Friday, August 19, 2011

Disease breathes life into book

A Maple Ridge writer's new novel is one readers can really sink their teeth into

First-time author Anita Viljoen has crafted a tale that has a real bite to it.
Mom to a 17-year-old son and a 13-year-old daughter, Viljoen did most of the writing for her debut novel Feeders between 1 and 3: 30 a.m., deliciously ironic considering the story revolves around the most nocturnal of fictional creatures - vampires.
"I am a night owl. Then I found out that's the norm. It's the same thing with all artists," the Maple Ridge resident said.
"When your conscious falls asleep, your subconscious takes over, and that's when you dream. I would wake up and write them [the words] down."
Born and raised in Pretoria, South Africa, Viljoen sets the story in her adopted province of British Columbia, where Sir Robert McKay's coven of vampires is known for benevolence. Instead of hunting humans, they believe in their mortal prey voluntarily donating their blood.
The humans they seek - feeders - have a rare blood disorder that enables them to regenerate their blood quickly when first drained. Feeders then need frequent draining to survive.
Viljoen's story is not so much about the bloodsuckers hunting their quarry as it is about the symbiotic relationship between human "volunteers" and vampires.
The twist comes when a woman is attacked by a rogue vampire and left bleeding and broken on the roadside.
She becomes a feeder, and so begins a romance that fans of the thriller/romance genre might just have a bloody good time sinking their teeth into.
For Viljoen, life became art, because the feeders she writes about are based on real people who live with a blood disorder called polycythemia vera, in which the bone marrow makes too many red blood cells.
Polycythemia vera may also result in the overproduction of white blood cells and platelets. Most of the health concerns associated with polycythemia vera are caused by a blood-thickening effect that results from an overproduction of red blood cells.
One form of treatment for the disorder is bloodletting. The removal of blood from the body reduces the blood volume and brings down the hematocrit levels; in patients with polycythemia vera, this reduces the risk of blood clots.
While researching for the book, Viljoen phoned a couple of Maple Ridge residents who have polycythemia vera, and she discovered their doctors perform their blood lettings.
"What happens if humans have too much blood?" was the question Viljoen asked herself, as the genesis of the story. "It could be beneficial to vampires."
Viljoen describes Feeders as a "vampire love story" injected with liberal doses of drama and action.
"I started writing all the ideas down and it became a story. I carried on and eventually by page 400 I thought, 'Maybe I've got something here,'" she said.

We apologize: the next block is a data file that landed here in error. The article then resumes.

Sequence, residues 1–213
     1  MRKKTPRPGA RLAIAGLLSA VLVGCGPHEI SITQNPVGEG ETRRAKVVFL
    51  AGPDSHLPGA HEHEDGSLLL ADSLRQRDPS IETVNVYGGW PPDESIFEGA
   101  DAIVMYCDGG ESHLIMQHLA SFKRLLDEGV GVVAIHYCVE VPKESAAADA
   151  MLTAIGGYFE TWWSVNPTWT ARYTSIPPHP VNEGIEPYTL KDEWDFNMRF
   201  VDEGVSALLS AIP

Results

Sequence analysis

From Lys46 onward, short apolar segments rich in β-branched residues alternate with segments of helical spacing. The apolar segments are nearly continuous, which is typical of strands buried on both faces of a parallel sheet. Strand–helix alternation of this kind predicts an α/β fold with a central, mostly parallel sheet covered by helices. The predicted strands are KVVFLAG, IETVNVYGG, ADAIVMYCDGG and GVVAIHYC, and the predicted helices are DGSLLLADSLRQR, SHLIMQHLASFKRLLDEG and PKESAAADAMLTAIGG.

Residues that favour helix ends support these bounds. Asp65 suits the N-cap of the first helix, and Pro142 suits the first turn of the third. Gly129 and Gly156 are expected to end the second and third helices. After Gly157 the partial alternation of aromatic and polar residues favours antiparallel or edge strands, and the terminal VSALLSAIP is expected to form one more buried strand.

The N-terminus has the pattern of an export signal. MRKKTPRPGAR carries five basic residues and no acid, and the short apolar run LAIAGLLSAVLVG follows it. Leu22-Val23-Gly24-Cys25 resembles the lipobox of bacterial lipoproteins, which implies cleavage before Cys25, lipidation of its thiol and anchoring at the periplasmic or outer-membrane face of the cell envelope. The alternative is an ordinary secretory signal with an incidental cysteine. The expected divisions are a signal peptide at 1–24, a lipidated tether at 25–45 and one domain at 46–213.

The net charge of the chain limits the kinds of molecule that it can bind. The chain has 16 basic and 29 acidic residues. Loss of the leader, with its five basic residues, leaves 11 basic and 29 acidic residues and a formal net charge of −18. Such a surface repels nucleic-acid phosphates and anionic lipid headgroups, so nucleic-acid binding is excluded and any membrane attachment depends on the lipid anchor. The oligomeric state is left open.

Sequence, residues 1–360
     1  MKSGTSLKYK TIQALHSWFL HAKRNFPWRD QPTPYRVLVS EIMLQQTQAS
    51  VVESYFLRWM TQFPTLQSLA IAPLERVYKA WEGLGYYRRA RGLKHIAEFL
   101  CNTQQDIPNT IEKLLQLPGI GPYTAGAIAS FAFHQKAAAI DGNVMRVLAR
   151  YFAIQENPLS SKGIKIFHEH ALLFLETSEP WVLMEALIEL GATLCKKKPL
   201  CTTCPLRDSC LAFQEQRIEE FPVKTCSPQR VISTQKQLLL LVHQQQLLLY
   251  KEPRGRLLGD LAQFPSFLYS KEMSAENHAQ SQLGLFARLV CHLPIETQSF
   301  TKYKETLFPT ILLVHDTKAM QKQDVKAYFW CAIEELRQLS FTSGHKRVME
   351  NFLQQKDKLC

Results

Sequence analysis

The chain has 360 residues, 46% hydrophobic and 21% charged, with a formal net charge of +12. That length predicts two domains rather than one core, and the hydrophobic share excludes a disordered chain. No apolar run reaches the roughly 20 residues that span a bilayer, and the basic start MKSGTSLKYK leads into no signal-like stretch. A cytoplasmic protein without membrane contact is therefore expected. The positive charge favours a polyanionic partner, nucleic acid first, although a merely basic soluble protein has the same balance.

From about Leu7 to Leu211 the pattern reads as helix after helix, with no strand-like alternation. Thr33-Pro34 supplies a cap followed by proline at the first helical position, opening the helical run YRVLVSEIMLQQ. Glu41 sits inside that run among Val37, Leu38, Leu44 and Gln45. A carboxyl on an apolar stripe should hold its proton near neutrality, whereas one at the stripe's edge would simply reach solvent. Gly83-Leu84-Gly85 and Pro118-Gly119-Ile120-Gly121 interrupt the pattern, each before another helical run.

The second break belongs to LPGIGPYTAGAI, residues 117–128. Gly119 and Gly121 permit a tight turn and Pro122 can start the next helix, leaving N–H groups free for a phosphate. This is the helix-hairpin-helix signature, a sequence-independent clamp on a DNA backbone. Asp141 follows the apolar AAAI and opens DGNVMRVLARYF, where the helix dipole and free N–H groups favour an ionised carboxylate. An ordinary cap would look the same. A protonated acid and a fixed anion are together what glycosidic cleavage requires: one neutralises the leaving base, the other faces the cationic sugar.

"It came to me like it was playing out like a movie in my head."
She allowed a few "critics" to read the original manuscript, including her boss at Temptations Salon and Spa, Kathy Pring, known as a straight shooter who doesn't mince words.
"She's a very black-and-white kind of person," Viljoen said. "She either likes it or she doesn't. She was the one who said, this is a page turner, you need to get it published."
Then, through a literary agent, Viljoen got involved with Strategic Book Group and Eloquent Books.
"They are the ones who took me on and did a joint venture with me," Viljoen explained.
"They are going to be publishing my second book, as well."
Viljoen said creating the story was the easy part. Getting the grammar, spelling, and tenses correct was the challenge.
She had the novel edited after it was written, which was an expensive venture. With her follow-up effort, Hybrid - a sequel of sorts to Feeders - Viljoen found a local editor who helped her as she went along.
It took Viljoen about nine months to complete Feeders. Her biggest stumbling block was coming up with an ending. A friend read the manuscript and gave her some ideas for a suitable finish.
"She actually gave me an idea to finish it this way so I can carry on with the next book," she said.
Her follow-up book is currently at the publishers, and book three - not related in any way to the other two - is floating around in her computer hard drive, and about halfway done.
Hybrid will be released in book and EBook format in about two months.
Hybrid introduces new characters but has a similar tone. It has more of a family dynamic than Feeders does, Viljoen said.
"It kind of seals the deal; it kind of puts the first book to rest," she said.

tlandreville@mrtimes.com